A conversation with Ladysmith Black Mambazo’s Albert Mazubiko

Ladysmith Black Mambazo may have achieved international recognition from singing with Paul Simon on Graceland, but its staying power as the world’s most prominent South African choral group is something its members earned from 41 years of unflagging dedication. Albert Mazibuko, one of the group’s original members, chose to keep us on our toes when asked about performing “Homeless” at the Paramount Wednesday night. But he had much to say about the group’s recent work.

What songs are you most excited about performing on this tour?

We are most looking forward to the songs from our most recent album, Songs from a Zulu Farm. This is the album that took us back to our childhood. There is a one that is talking about a donkey that has been chasing people, which is one of the songs that we used to sing as children. Some of the farm songs have been expanded, because traditionally they are chants, but most of them on the album are just as they were originally.

During the recording of these songs we were talking among ourselves and decided to ask our friends from here in America if they grew up with any farm songs, and every time they said “Old MacDonald.” So in our concerts we sing that but sing it in Zulu and it is wonderful. Every time we perform this song we invite the audience to join us. This is a very joyful album. We wanted to have joy this time, because for a while we have been singing songs about freedom.

When you mention freedom your 1993 album comes to mind.

Yes, Liph’ Iqiniso. Those are the songs that we were singing to celebrate the end of apartheid in South Africa. Every time we write music we want to send a message to the people and unite them, and at the time our message was that freedom has arrived. And then some of the people were confused, so they started to fight among themselves for power, so we were just trying to send that message to stop fighting and just get together. As the saying says, united we stand and divided we fall.

Vusi Mahlasela recently came to Charlottesville, and we are very good friends with him. Because Vusi grew up in the ’70s when there was uprising, he encouraged people to fight for freedom in his music, which is all very inspiring. We admire him very much.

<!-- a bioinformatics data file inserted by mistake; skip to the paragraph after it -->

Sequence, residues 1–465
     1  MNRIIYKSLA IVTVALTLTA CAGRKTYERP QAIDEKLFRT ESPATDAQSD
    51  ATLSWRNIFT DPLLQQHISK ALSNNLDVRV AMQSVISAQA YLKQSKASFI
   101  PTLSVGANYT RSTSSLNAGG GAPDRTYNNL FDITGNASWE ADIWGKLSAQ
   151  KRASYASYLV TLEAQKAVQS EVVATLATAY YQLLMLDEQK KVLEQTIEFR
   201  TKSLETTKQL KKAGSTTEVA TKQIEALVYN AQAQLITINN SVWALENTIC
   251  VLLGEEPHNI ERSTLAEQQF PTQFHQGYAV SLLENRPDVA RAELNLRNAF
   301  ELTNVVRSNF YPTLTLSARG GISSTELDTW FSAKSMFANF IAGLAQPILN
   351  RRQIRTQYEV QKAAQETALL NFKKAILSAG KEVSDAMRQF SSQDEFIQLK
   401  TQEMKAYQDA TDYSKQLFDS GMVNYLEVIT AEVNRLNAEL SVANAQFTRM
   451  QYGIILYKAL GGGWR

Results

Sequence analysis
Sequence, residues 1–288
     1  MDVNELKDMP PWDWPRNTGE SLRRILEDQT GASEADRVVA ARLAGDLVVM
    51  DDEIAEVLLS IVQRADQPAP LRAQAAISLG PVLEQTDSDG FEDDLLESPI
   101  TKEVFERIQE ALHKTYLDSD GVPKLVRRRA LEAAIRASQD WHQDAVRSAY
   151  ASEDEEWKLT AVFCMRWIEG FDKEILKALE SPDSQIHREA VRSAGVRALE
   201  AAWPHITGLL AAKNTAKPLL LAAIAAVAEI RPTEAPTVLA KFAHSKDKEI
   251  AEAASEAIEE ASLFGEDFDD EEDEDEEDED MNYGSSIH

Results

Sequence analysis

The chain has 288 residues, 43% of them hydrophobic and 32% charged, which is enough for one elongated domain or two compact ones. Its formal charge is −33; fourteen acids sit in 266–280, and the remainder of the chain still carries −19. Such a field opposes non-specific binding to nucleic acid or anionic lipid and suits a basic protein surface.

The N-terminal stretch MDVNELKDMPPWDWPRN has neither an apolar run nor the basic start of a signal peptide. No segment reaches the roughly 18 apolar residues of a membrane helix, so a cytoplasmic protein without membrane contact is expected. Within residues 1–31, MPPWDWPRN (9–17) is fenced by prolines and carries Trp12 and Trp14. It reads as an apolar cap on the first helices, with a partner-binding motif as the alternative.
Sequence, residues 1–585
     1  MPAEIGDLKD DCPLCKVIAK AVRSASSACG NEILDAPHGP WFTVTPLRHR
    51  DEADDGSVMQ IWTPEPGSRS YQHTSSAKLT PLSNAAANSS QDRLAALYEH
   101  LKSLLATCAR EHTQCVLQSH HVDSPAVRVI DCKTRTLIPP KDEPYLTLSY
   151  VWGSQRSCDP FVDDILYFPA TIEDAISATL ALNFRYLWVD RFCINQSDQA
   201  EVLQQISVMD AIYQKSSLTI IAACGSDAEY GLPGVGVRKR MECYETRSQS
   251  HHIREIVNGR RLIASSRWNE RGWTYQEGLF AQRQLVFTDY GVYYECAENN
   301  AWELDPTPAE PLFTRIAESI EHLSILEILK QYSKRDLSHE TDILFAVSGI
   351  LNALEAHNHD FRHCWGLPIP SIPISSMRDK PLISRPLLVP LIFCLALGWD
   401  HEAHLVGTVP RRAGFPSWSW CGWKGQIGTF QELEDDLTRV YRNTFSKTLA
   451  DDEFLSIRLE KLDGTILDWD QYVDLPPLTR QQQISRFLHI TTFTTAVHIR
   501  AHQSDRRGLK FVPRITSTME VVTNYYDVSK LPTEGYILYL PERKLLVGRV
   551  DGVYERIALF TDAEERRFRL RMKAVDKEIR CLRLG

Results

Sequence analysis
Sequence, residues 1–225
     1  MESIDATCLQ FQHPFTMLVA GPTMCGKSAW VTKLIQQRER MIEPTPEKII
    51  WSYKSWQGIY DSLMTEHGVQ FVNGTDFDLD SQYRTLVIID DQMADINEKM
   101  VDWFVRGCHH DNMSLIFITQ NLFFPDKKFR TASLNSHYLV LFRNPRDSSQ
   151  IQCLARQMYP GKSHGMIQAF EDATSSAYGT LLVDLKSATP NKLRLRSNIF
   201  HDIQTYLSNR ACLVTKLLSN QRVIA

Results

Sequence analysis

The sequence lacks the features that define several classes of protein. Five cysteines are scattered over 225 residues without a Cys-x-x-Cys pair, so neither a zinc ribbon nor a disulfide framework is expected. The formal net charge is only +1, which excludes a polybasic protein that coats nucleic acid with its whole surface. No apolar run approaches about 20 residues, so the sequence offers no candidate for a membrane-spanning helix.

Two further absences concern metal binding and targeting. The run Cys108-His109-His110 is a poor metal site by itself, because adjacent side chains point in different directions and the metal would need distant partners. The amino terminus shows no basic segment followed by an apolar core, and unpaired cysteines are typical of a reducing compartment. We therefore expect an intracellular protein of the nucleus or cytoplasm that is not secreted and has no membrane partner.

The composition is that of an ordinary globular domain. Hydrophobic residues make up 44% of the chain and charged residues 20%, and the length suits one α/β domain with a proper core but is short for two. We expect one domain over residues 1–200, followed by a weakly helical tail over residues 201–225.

Joseph has described your group as a kind of mobile academy. Do you see yourself as educating people about South Africa?

That is an important part of our mission, to encourage people—people in South Africa, especially—to speak to their culture and be proud of themselves and their traditional music. In our own country there is a Ladysmith Black Mambazo foundation that attempts to serve this and other needs. We are even trying to generate some scholarships for the kids but the money has been very tight lately. When we go around sometimes we collect things that have been used, like computers, or books, or whatever that can help in terms of education at home, because sometimes our schools don’t have enough money to provide this equipment they need to teach.

The group originated in Ladysmith, South Africa, where most of you were born and raised. Can you explain where the rest of the name comes from?

The word “mambazo” means the chopping axe, which is a very important tool. If you don’t have an axe, your life in Ladysmith won’t start, because you need to have an axe to chop your trees, to build your house, to make a yoke for your oxen, and to build the sled that transports your crops. So not only is it a great tool for the farm, but you need it when you are walking in the forest you so you can pave the way.

The “black” in our name we took from the ox, because when we were on the farm we were using oxen of different colors, but our leader Joseph Shabalala was the driver of a black oxen, and we found that they were more powerful than most. So when anything is stuck—it might be a plow or something—the black oxen can pull it out. So we said with our voice we will pave our way and build our future.

"Ladysmith Black Mambazo sings for YouTube."

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